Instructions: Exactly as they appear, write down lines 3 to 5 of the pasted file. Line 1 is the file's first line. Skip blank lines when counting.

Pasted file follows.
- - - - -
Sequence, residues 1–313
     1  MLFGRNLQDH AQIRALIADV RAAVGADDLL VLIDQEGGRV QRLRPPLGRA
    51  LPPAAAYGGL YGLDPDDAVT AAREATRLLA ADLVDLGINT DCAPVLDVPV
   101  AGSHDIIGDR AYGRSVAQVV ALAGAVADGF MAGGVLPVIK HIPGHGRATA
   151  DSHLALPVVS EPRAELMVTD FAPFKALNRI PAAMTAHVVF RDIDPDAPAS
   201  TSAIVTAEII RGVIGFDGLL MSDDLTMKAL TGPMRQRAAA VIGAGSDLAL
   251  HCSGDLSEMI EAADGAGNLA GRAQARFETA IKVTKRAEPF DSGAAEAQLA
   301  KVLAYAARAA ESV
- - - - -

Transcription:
    51  LPPAAAYGGL YGLDPDDAVT AAREATRLLA ADLVDLGINT DCAPVLDVPV
   101  AGSHDIIGDR AYGRSVAQVV ALAGAVADGF MAGGVLPVIK HIPGHGRATA
   151  DSHLALPVVS EPRAELMVTD FAPFKALNRI PAAMTAHVVF RDIDPDAPAS